Dracula Untold
, , , , , ,
92 min.
Release Date
dracula untold

Vlad Dracula, the fifteenth-century Transylvanian prince later dubbed Vlad the Impaler, was purported to have tortured thousands of victims while defending Romania against the Ottomans. His reputation throughout central Europe claimed he took demented pleasure from torturing the enemies of his homeland, which involved, among other methods, cannibalism and using large stakes to impale countless victims. However fantastical or exaggerated the horrific myths about Vlad, few portraits throughout history could be considered flattering; and no matter the perspective on these accounts, his barbarism remains consistent. Even the Romanians who wrote of his heroism admitted to his wiping out whole villages with a sadistic vengeance. And so, his mythical legend has lasted for centuries until Bram Stoker forever likened Vlad’s surname with the grandest of all vampires.

Dracula Untold follows an annoying trend in Hollywood at present; it attempts to demystify one of the most enduring antagonists in either history or cinema. Much like Disney putting a sympathetic spin on a classic villainess in Maleficent, Universal Studios taps into their catalog of movie monsters and offers an alternate origin story that paints Dracula as a tragic hero with nothing but the noblest of intentions. Screenwriters Matt Sazama and Burk Sharpless conveniently avoid writing scenes about Vlad (here played by Luke Evans) impaling thousands and forcing families to eat one another. The film begins with Vlad having been home from war for some ten years, his wife Mirena (Sarah Gadon) and son Ingeras (Art Parkinson) by his side. But the threat of the Turks looms over his lands, and the new Sultan, Mehmed II (Dominic Cooper), wants 1,000 Transylvanian boys—including Ingeras—for his army.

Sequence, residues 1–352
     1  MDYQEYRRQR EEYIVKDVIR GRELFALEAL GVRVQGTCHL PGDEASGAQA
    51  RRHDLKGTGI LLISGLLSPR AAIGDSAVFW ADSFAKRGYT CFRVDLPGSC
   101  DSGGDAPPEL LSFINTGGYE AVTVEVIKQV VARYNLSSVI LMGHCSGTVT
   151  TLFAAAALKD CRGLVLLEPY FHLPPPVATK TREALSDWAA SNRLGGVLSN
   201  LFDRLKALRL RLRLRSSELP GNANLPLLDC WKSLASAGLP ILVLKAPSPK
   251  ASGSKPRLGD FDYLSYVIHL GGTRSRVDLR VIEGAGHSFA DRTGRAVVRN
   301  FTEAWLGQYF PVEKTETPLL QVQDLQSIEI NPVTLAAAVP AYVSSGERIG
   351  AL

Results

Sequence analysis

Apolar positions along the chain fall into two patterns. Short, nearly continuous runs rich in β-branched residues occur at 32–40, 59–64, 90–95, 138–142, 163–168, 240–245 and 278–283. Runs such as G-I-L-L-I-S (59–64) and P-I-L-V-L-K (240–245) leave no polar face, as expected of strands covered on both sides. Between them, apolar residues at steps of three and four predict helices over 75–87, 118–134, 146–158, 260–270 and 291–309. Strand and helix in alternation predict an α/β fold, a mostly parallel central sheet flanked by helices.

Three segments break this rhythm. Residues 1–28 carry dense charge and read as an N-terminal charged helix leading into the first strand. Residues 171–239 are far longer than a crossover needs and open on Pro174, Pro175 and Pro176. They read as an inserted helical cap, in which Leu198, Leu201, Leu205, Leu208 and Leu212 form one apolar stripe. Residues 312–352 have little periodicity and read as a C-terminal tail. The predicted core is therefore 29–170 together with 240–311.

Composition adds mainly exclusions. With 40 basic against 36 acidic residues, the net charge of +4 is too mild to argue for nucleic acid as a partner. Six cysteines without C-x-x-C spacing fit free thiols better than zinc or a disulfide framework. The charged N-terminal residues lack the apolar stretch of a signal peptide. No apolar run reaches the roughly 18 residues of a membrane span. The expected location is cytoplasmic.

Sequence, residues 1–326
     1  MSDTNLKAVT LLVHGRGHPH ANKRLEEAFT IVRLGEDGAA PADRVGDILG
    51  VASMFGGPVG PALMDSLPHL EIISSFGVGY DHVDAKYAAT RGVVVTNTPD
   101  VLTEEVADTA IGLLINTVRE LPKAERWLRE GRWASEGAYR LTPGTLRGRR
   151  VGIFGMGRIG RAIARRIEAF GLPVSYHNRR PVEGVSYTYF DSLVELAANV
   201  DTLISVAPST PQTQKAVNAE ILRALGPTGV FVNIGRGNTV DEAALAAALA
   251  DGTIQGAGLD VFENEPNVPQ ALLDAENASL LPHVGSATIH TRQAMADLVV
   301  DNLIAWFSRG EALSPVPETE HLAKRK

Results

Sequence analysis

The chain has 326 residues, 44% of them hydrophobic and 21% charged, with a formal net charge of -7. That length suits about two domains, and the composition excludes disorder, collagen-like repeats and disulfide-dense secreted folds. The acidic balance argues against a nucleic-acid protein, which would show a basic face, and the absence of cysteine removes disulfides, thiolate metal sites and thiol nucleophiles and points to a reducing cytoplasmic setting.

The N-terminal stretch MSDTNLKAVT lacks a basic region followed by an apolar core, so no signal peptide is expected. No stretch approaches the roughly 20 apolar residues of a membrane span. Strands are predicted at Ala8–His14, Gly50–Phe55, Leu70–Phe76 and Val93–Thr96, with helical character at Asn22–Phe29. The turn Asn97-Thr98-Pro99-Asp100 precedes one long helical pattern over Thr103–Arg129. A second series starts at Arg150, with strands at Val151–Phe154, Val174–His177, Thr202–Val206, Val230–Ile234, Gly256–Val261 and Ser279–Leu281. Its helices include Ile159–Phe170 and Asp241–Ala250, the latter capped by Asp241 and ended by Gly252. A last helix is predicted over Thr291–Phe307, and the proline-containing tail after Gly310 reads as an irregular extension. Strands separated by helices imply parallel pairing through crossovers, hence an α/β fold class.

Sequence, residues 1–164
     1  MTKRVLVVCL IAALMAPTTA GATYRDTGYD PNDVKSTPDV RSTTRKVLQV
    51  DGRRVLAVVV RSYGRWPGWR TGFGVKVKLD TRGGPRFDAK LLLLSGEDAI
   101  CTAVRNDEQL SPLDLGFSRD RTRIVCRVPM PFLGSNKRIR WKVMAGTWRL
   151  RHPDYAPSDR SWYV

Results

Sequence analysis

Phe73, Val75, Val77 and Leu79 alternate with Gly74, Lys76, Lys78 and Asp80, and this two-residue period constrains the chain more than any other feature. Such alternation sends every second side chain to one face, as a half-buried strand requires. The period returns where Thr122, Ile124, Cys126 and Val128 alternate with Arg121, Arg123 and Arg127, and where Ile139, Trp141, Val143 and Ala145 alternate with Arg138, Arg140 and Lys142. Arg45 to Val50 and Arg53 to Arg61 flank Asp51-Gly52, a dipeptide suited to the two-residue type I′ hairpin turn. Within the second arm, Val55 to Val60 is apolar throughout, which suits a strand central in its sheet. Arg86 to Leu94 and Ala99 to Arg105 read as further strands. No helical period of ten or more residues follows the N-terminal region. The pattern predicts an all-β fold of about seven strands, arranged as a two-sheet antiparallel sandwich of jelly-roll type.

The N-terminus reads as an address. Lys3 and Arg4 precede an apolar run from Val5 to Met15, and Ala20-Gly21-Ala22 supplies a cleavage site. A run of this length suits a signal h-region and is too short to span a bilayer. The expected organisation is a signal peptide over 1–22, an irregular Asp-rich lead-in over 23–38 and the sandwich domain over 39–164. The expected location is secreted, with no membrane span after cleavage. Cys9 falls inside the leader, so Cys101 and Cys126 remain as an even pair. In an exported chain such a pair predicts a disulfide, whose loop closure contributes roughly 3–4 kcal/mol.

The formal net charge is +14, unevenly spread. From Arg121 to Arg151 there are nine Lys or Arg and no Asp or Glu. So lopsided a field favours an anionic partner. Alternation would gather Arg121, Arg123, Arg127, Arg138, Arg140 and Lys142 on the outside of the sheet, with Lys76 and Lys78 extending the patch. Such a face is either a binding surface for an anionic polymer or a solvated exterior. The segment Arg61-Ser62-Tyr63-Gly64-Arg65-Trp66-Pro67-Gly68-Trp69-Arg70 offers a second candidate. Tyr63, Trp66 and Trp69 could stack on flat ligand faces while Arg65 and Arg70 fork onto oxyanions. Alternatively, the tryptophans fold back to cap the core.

With no chance of fending off the Turks with his own small army, Vlad seeks out a cursed vampire (Charles Dance) living in a nearby mountain, and the creature offers Vlad a wager of sorts. If Vlad drinks the vamp’s blood, for three days he’ll have the supernatural strength and powers needed to destroy the Turkish army. But for those three days, Vlad will be plagued by an insatiable bloodlust, which, if appeased by the taste of human blood, will forever transform him into a vampire. If he resists drinking blood for this trial period, then his mortality will be restored and the curse lifted. (Hint: He doesn’t make it.) And so, with his newfound powers, Vlad discovers he can sense enemies from miles away and transform himself into a swarm of bats; but he also realizes that sunlight and silver will burn him. No matter, his enemies are slaughtered without much effort, but in the end, Vlad adopts his fangs forevermore, and the legend is born.

Beyond its basic predictability, Dracula Untold is frightfully stiff at 92 minutes, plodding along with none of the scares or thrills first-time director Gary Shore undoubtedly hoped to achieve. His production borders on monochrome, with cinematographer John Schwartzman’s color palette reduced to a series of muted blues and grays, all of it drenched in shadows so dark that the viewer struggles to see action through the haze. And when the frame isn’t zooming around in CG-enhanced motions inspired by Peter Jackson’s flights over the battlefield in The Lord of the Rings series, editor Richard Pearson chops brief bits of violence and gore together to create the illusion of violence. But the film’s PG-13 rating omits all of the necessary bloodshed and sexuality usually associated with a vampire tale.

Ngila Dickson put care into her costumes, which were clearly inspired by Ishioka Eiko’s costumes on Francis Ford Coppola’s Bram Stoker’s Dracula. In fact, much of Dracula Untold seems influenced by Coppola’s underrated, operatic film, except the artless air of Shore’s CGI bats and wispy photography feels more like a lowbrow B-movie. Indeed, if the filmmakers went back and added a tongue-in-cheek humor to the proceedings, then Dracula Untold would bear an uncomfortable resemblance to Van Helsing. But the lackluster formal approach doesn’t match the film’s attempts at grandiose, takes-itself-serious tragedy, and the actors never seem sure if they should be playing a scene with a campy or dramatic inflection. Through it all, the film’s attempts to make its subject’s mass murderer a heroic, tragic figure succeed only in a misapplication of style and intent, and reminding us that sometimes things should remain mystified.

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